Know your rights
You see a pupil tearing down a corridor, about to collide with another child; a pupil seriously disrupts your lesson; a group of pupils are fighting; a child is about to throw a computer out of the window. Are you allowed to intervene physically?
Some teachers are under the impression that the Children Act of 1989 makes any physical contact with children unlawful, but teachers are permitted to use reasonable physical force to control or restrain pupils, according to the 1996 Education Act.
A recent tribunal decision has also clarified teachers' rights when they are faced with a disruptive pupil. During a GCSE assessment, a Bournemouth music teacher physically removed a child who was disrupting the test. The school governing body dismissed him on the spot for gross misconduct. But the music teacher won his claim for unfair dismissal, and the school's appeal against this decision was thrown out by the employment appeal tribunal.
The tribunal ruled that if the headteacher was opposed to any use of physical force on pupils, this should have been made clear to the staff.
If school managers are against physical intervention, the tribunal said, a school policy should spell this out and explain that "any significant departure from the policy will be viewed as a potentially dismissable offenceI teaching staff must know what is acceptable and what is not".
Even in a school which has not banned physical force, teachers must take great care. You are not allowed to use physical contact as a way of punishing or humiliating a pupil. The child's behaviour or its consequences must also be serious enough to justify the use of force.
Whenever possible, before resorting to force, the teacher should tell the pupil who is misbehaving to stop. Anyone faced with more than one disruptive pupil, or someone with the build of an international rugby player, should not intervene but should summon help from colleagues or phone the police.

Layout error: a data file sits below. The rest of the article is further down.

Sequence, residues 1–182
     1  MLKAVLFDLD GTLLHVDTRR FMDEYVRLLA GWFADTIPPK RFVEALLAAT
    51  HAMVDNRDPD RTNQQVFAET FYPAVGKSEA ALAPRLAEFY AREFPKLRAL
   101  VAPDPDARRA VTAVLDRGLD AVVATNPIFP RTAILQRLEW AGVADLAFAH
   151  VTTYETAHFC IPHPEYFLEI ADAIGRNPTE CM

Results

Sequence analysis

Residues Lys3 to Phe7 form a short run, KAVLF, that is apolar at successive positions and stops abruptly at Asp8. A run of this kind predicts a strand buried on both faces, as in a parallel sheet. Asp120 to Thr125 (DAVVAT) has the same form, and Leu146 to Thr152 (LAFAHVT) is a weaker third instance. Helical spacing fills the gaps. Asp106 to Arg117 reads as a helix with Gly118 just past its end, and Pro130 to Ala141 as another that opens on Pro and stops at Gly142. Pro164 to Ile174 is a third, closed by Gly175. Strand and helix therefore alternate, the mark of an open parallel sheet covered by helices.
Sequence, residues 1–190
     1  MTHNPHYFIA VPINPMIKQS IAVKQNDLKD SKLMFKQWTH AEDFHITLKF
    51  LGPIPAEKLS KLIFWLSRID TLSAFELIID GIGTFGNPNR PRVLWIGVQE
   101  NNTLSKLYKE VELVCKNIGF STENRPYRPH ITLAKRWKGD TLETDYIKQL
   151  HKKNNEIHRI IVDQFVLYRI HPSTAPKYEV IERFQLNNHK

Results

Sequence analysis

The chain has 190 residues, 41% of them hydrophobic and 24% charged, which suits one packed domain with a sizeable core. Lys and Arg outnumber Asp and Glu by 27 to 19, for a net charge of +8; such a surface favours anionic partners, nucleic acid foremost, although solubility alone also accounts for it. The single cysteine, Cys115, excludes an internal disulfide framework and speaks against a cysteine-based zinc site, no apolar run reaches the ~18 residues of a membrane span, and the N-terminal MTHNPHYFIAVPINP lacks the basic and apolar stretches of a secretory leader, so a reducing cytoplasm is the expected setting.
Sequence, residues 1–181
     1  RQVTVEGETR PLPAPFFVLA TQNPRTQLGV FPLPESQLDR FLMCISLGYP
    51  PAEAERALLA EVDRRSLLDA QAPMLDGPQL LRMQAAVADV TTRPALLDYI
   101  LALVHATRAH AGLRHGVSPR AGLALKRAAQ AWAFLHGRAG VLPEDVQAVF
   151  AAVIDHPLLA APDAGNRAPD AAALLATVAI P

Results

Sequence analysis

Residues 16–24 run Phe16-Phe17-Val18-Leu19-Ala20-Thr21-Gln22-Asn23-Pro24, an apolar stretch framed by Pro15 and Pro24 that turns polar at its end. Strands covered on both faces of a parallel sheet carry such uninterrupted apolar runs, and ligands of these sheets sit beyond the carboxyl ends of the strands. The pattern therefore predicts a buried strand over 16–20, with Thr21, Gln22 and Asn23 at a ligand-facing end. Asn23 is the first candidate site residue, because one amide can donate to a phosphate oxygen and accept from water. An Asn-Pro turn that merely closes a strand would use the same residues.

The main justifications for using force are to prevent a child committing a criminal offence, injuring themselves or others or causing significant damage to property, or behaving in a way that jeopardises order and discipline at the school or during a field trip. Physical intervention could be justified for a child who is about to cause an accident, a pupil who persistently refuses to leave the classroom when asked to, or someone who is vandalising property.
But you may use only "reasonable force". WWF-style neck locks are out, as are slapping, punching, tripping a pupil up, twisting or forcing limbs back and holding or pulling a pupil by the hair or ear, let alone holding a pupil face down on the ground.
You are allowed to interpose yourself between two pupils, block a pupil's path, hold, push or pull a child, lead a pupil by the hand or arm, or shepherd a child away by putting your hand in the centre of his or her back. In exceptional circumstances, when a pupil is about to hit someone or to step off the pavement in front of an articulated lorry, for example, you are allowed to use more restrictive holds.
Ideally, whenever staff have used physical force, this should then be described and recorded in an incident book. Schools are also advised to inform parents.
It is extremely important to find out what your school's policy is on the use of force; if anyone made a complaint against you after an incident, you would need to show that you had followed the school's line.
For further information, see DfES circular 1098, The Use of Force to Control or Restrain Pupils, at www.dfes.gov.ukpublicationsguidanceonthe law10_98summary.htm